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Non-reusable Covers, Panacea for Plastic Re-use, Associated Health Risk – Yusuf

By Obiabin Onukwugha and Faridat Salifu

A social commentator, Rasheed Yusuf has stated that manufacturing non-reusable plastic bottle covers will check associated risks of plastic re-use.

Re-use is one of the measures that has been proffered in checking plastic pollution.

In most cities and rural communities across Nigeria, plastics are used for packaging and selling of edibles such as palm oil, groundnut oil, Zobo drinks, tiger nuts drinks, smoothie and as well as kerosene.

NatureNews checks reveal that most vendors get their empty plastics on the streets, at occasion grounds and even hospitals.

But a recent report has revealed that people who consume drinks from plastic reuse could be infected with viral diseases such as Tuberculosis, cough, Hepatitis, and other communicable diseases.

In Port Harcourt, a 75cl of empty bottle is sold at N20 each, while 35cl is sold at three for fifty naira. It was also revealed that plastic recycling is a lucrative business which makes both children and adults, especially women visit occasion grounds just to pick empty plastics.

Esther, a lady, who sells refilled water told our correspondent that she washes the bottles after every sale before refill. She said due to the economic hardship people prefer to buy her refilled bottle water to satchet and bottle water as it is cheaper.

The mother of four said she buys empty bottles from dedicated suppliers.

Also, a lady who sells palm oil who simply gave her name as Mommy Peace, said she washes her bottles before use. According to her, a rich family supplies her plastics for free, for which she uses them for her trade.

Another lady who sells Zobo, also corroborated with the previous respondents as she assured of washing her bottles before use.

Reacting to the report, Yusuf called on plastic manufacturing and bottling companies such as Coca Cola, Pepsi, Nestle, amongst others to adopt non-reuseable plastic covers so as to safeguard the health of citizens from such diseases.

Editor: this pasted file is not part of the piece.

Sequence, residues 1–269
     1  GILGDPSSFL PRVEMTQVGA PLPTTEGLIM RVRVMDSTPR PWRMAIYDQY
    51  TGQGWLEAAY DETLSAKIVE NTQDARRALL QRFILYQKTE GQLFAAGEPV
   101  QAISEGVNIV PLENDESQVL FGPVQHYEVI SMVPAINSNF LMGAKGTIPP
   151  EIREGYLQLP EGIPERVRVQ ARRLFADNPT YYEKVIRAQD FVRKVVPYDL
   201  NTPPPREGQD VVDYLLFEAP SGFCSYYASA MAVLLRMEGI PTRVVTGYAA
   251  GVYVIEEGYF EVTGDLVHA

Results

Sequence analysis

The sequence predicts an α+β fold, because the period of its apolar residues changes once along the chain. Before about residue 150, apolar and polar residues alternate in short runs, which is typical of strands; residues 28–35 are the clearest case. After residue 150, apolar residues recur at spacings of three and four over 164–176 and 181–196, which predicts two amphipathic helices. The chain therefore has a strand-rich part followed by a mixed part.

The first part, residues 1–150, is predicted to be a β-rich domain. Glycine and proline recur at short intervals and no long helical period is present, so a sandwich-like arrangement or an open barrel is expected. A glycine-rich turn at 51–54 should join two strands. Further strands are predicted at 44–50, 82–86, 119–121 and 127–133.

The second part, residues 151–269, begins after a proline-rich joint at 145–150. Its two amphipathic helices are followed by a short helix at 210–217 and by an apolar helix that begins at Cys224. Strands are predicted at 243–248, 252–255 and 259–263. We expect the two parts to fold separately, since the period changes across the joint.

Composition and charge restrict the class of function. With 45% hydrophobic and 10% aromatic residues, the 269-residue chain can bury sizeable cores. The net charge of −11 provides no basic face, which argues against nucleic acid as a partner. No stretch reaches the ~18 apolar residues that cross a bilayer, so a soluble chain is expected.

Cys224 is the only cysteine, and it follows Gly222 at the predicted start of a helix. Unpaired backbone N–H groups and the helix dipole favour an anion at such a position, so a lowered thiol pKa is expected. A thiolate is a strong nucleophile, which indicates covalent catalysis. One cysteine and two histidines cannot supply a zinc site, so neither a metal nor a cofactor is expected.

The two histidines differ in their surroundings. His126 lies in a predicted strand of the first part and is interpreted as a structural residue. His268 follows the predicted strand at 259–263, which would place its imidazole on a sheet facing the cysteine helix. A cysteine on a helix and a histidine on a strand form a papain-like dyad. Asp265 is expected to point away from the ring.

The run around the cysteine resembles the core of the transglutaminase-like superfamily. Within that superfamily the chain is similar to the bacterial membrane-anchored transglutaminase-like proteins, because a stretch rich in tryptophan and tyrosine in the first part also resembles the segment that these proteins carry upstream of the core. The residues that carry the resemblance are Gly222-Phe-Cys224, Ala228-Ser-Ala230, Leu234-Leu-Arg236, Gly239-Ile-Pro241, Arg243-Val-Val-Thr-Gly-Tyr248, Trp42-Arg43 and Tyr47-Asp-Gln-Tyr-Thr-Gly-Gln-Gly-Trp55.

He said: “This is a serious matter. I think that the easiest way for companies to check plastic reuse and be able to recover their plastics is to start manufacturing covers that cannot be reused. As soon as the plastic is open, the cover will no longer fit on the bottle.

“So if someone picks up a plastic and the cover is not there, the person will simply leave it. The companies must also come up with feasible measures of recovering their plastics to curb plastic pollution in our environment. That is my thinking and I feel the companies should adopt it,” he stated.

Recently, Nestle introduced a new Pure Life water bottles made from 50% recycled polyethylene terephthalate (rPET) to demonstrates a commitment to reducing the use of virgin plastics, noting that combating plastic waste requires more than just producing more plastic bottles.

A recent report published by online medium, Springer, had emphasised sensitisation as one of the solutions to plastic pollution.

The report also emphasized the adoption of eco-friendly alternatives and investing in recycling infrastructure as solution to plastic pollution.

It encouraged the use of reusable bags, water bottles, and utensils, as well as enhancing access to recycling facilities and providing clear guidelines on proper recycling practices, as crucial steps in mitigating the impact of plastic pollution.

The findings presented in the report further underscored the need for collective and immediate action to address the escalating issue of plastic pollution, emphasizing the importance of balanced approaches encompassing education, industry practices, and consumer behavior.

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